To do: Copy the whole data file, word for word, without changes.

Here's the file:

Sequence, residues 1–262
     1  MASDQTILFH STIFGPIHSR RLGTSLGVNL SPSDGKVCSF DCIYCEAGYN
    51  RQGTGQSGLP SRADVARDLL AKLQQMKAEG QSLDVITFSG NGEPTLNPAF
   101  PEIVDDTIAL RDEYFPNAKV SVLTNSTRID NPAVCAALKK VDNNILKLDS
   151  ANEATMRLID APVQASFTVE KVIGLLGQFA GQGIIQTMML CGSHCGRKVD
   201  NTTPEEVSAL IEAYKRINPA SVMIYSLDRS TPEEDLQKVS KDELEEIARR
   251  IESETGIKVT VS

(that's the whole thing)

Sequence, residues 1–262
     1  MASDQTILFH STIFGPIHSR RLGTSLGVNL SPSDGKVCSF DCIYCEAGYN
    51  RQGTGQSGLP SRADVARDLL AKLQQMKAEG QSLDVITFSG NGEPTLNPAF
   101  PEIVDDTIAL RDEYFPNAKV SVLTNSTRID NPAVCAALKK VDNNILKLDS
   151  ANEATMRLID APVQASFTVE KVIGLLGQFA GQGIIQTMML CGSHCGRKVD
   201  NTTPEEVSAL IEAYKRINPA SVMIYSLDRS TPEEDLQKVS KDELEEIARR
   251  IESETGIKVT VS